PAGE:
The BBC has finally bowed to pressure to disclose details about its complaints.
The Corporation will start publishing a fortnightly update of the number of objections it receives to each programme, for every show that gets 100 complaints or more.
It will also give details of any investigations it undertakes following objections from the public, including whether or not the complaints have been upheld.
The move follows a demand by Ofcom, the broadcasting watchdog, that the BBC must become more transparent.
In a move to be more transparent the BBC will post fortnightly updates of every complaint it has received for each of its shows
The Corporation was more secretive than other broadcasters when it came to complaints, but is now being dragged onto an equal footing.
The first of its new bulletins is expected this week – and promises to shed fresh light on audience dissatisfaction over issues such as left-wing bias, offensive content and inaccuracy.
The move is a dramatic shift for the Corporation, which has spent years doing its best to keep complaints details under wraps.
It publishes a single figure every month, stating the total number of complaints it has received, but refuses to give a breakdown for each programme or the investigations it carries out as a result.
Ofcom told the broadcaster earlier this year that it had to become more transparent, to put it on a par with other broadcasters.
The BBC’s rivals already disclose complaints numbers and have detailed information about objections to their programmes published every two weeks.
Ofcom director and former BBC News boss Kevin Bakhurst says transparency is essential to maintain public confidence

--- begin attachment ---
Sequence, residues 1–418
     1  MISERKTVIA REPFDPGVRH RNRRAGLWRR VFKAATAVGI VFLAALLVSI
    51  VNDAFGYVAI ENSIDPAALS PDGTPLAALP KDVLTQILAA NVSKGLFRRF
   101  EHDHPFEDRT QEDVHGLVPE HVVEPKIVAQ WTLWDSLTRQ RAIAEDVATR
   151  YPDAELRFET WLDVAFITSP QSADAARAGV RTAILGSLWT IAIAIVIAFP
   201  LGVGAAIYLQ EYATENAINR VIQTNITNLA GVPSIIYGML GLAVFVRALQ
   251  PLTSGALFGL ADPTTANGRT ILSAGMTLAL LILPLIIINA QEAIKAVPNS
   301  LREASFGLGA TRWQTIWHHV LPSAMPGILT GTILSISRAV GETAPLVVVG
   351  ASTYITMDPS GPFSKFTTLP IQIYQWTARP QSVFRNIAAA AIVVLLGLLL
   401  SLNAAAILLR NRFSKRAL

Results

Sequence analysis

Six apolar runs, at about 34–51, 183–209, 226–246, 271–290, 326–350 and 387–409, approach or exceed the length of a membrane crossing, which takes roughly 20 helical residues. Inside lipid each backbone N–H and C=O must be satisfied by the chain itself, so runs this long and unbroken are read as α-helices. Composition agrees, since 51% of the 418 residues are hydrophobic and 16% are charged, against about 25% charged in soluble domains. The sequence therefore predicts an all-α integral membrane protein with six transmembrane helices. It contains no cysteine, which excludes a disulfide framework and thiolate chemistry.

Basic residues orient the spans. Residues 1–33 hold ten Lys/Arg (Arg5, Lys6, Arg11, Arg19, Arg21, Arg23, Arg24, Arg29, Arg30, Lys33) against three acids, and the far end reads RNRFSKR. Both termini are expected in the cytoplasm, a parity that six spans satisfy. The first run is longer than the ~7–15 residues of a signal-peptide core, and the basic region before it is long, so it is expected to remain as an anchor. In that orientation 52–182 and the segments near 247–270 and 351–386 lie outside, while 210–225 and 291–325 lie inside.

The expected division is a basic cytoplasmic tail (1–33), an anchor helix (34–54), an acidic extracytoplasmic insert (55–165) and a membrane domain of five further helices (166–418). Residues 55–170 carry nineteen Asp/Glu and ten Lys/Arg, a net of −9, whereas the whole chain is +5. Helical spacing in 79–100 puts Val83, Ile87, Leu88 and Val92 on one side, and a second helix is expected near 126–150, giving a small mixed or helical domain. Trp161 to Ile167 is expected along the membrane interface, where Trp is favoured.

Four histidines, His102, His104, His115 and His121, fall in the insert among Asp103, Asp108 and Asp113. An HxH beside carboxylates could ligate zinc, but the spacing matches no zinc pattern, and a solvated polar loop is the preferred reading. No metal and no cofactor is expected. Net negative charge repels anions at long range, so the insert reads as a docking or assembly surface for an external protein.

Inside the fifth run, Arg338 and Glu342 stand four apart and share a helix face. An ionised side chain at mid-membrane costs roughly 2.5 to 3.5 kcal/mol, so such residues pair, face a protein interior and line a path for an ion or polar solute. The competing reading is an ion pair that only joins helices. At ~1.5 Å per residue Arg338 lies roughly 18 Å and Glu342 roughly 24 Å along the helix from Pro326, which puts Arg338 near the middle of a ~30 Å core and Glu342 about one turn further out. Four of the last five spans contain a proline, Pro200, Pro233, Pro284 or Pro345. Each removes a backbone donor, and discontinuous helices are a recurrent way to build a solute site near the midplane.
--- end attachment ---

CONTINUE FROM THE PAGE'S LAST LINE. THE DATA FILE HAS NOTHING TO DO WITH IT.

That meant that the public knew exactly how many people take issue with, for example, Amanda Holden’s plunging dresses on ITV’s Britain’s Got Talent, but the BBC was able to stifle much more important rows.
The BBC wanted to restrict the information it publishes to avoid a ‘running commentary’ from the press or from lobby groups about controversial issues.
It also argued that the fortnightly bulletins would be too much work.
However, Ofcom director and former BBC News boss Kevin Bakhurst told the broadcaster that transparency was essential ‘to build and maintain public confidence in the operation of the BBC…and to provide public accountability’.
The BBC revealed earlier this year that it is inundated by around 685 complaints a day.
At that rate, it gets nearly 17 times the number of complaints that the broadcasting watchdog receives about all the other UK TV and radio broadcasters combined.
Ofcom received 14,959 complaints in the year to October – amounting to just 41 a day.